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Photodiode help?

I bought a photodiode (not really knowing what it was) and I don't undersand how and where to use it. I tried it as a light switch but it seems to pass electricity through it in both in light and in dark 

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rickharris5 years ago
The photo diode will conduct electricity when light falls on the junction See here for details of how to pass audio over a light beam

http://en.wikipedia.org/wiki/Photodiode

http://hyperphysics.phy-astr.gsu.edu/hbase/electronic/photdet.html

Whereas a photo transistor can amplify the light signal the photo diode will not.

Actually any LED can act as a photo diode sensor.
It used to be any LED would respond best to a sister LED of the same color.
That does not exactly apply to today's LEDs of white or enhanced colors by use of phosphors transmuting base light to other frequencies.

A
orksecurity5 years ago
A photodiode is essentially a light-controlled transistor -- it passes different amounts of current depending on how much light hits it. You will generally need some kind of amplifier or relay to take that response and use it to control other things.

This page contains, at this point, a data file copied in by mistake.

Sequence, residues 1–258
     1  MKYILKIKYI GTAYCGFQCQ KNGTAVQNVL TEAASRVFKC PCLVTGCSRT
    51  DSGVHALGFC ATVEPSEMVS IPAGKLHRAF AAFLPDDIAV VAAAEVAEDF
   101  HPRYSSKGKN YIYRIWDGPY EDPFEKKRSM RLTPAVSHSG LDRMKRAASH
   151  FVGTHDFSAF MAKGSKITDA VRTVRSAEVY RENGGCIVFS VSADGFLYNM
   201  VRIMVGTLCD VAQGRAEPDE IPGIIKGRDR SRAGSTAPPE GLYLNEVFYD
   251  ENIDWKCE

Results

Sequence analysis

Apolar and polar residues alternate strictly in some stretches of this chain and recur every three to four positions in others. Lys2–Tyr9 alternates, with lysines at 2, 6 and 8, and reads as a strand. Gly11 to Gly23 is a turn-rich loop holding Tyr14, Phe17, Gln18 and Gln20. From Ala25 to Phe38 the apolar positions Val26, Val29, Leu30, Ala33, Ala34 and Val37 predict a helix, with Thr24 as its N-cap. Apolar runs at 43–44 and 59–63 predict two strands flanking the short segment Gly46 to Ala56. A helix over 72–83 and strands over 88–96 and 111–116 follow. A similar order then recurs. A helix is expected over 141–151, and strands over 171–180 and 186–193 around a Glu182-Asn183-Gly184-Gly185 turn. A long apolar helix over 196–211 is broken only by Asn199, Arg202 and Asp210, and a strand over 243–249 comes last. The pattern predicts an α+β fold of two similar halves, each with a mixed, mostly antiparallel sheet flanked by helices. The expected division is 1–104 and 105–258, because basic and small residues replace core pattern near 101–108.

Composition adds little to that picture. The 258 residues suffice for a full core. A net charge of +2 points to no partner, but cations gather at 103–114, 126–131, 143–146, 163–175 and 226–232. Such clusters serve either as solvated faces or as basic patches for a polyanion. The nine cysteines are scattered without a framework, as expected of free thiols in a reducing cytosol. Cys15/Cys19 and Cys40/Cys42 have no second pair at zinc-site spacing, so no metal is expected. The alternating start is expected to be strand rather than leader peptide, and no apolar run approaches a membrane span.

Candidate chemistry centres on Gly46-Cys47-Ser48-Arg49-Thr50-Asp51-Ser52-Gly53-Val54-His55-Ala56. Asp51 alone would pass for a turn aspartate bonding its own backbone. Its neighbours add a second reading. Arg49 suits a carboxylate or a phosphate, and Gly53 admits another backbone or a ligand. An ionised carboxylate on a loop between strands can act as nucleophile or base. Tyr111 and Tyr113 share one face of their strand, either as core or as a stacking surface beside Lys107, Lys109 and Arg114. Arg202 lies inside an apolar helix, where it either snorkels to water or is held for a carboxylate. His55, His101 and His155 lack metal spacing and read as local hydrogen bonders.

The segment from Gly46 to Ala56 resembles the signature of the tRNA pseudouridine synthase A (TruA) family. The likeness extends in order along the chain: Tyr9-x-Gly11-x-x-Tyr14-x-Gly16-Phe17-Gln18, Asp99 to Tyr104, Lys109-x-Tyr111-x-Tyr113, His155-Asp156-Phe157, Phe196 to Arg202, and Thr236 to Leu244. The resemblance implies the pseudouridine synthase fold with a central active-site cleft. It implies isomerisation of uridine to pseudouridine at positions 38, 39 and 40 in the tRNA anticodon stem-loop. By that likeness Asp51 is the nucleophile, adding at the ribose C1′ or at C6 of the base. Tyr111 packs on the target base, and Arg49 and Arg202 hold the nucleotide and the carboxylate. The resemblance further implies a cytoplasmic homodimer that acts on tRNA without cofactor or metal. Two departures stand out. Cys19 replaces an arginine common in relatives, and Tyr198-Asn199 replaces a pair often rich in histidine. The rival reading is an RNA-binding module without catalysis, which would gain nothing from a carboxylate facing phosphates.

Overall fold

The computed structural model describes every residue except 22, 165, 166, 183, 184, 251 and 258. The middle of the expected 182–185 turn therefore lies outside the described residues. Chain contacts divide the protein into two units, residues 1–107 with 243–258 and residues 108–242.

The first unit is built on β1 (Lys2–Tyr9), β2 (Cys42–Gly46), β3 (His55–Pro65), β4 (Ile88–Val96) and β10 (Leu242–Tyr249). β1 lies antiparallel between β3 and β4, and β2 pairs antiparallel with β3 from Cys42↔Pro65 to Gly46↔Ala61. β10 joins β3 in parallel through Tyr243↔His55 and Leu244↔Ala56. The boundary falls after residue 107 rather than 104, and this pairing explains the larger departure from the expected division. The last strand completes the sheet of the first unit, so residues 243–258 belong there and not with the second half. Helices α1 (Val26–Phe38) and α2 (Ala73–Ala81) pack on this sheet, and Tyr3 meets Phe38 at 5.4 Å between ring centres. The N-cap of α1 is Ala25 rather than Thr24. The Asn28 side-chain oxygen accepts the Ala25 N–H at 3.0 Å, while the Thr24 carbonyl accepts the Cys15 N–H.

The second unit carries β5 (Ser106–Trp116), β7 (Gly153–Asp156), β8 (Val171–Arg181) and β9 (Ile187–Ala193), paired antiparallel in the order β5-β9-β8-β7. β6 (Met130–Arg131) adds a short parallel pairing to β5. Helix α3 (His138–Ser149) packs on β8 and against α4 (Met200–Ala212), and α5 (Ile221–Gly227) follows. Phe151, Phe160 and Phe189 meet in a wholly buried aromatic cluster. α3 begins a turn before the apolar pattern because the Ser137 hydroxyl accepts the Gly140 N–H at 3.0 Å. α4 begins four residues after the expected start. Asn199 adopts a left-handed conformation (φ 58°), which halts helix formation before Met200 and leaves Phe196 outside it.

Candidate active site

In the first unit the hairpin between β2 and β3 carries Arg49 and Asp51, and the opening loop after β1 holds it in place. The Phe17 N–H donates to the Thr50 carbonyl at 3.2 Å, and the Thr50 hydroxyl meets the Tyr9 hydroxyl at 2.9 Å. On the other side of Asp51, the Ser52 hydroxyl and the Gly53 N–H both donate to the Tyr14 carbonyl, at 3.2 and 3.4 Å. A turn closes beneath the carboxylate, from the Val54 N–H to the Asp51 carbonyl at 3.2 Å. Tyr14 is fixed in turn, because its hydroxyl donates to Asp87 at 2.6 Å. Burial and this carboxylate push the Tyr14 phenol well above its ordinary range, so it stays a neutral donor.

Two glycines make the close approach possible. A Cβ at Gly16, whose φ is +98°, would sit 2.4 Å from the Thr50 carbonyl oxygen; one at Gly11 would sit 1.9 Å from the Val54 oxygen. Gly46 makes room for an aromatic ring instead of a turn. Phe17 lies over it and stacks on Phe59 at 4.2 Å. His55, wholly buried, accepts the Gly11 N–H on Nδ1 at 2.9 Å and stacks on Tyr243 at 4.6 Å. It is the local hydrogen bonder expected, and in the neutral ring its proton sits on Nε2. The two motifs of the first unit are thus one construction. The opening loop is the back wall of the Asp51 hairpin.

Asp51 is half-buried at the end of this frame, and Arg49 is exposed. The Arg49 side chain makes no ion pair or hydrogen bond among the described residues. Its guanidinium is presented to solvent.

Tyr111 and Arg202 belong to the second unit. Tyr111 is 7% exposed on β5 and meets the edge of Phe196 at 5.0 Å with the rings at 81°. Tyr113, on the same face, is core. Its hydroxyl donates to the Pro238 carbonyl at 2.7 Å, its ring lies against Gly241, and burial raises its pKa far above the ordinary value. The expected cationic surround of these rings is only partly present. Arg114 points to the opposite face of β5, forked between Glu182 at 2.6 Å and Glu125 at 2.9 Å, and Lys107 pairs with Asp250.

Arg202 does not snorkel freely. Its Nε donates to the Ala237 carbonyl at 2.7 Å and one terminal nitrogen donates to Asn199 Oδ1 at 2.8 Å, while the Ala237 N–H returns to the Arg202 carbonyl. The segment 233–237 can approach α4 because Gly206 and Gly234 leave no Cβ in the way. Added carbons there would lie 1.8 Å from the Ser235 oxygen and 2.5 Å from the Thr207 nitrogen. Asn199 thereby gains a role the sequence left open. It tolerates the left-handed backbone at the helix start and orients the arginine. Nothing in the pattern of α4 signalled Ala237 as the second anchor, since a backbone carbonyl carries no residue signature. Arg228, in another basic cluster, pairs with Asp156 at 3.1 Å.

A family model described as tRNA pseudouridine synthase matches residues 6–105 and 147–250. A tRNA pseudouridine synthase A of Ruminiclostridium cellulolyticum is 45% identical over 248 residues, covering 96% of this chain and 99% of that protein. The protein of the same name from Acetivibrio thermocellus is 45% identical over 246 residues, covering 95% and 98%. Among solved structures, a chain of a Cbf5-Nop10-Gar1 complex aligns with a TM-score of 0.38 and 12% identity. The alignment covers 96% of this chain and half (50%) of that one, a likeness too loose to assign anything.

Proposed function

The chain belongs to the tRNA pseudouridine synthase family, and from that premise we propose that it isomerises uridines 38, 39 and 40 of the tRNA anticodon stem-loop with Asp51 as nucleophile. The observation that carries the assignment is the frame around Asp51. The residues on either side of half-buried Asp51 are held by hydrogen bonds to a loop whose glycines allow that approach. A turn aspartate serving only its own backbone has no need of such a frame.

Websearch "photodiode circuit" for some examples.
or_ford98 (author)  orksecurity5 years ago
Will a computer detect the signal without any amplifier, ie with a mike jack?
I read that you can transmit audio with light this way.
iceng or_ford985 years ago
Photo diodes can be used two ways.
Reverse biased or voltage generating and responds differently in both.
A small photo cell will work better as a light beam audio pick up.

Anyway, I do not believe a computer mic input will work but
I never tried it without a pre-amp.

A
He could bias the diode, and see what happens. It might work.
or_ford98 (author)  iceng5 years ago
thanx
Its like any diode - too much current and you'll kill it. Unless you limit the current, it will have burned out pretty well instantly.

Steve
OOnly.... way to really see what's what :-Þ     A
CurveTracer.JPG
That's a curve tracer !I haven't seen or used one of them for 25 years !
He he

Steve
A photodiode produces a small current in response to light. To measure this current, or rather to change it into a voltage, you need a photodiode amplifier, and this is the sort of circuit you can build with a single op-amp, and just a few passive components. 

Here:
http://www.google.com/search?tbm=isch&hl=en&q=photodiode+amplifier+circuit

Most of those circuits are based on the old op-amp current-to-voltage converter, here:
http://en.wikipedia.org/wiki/Current-to-voltage_converter#Op-amp_implementation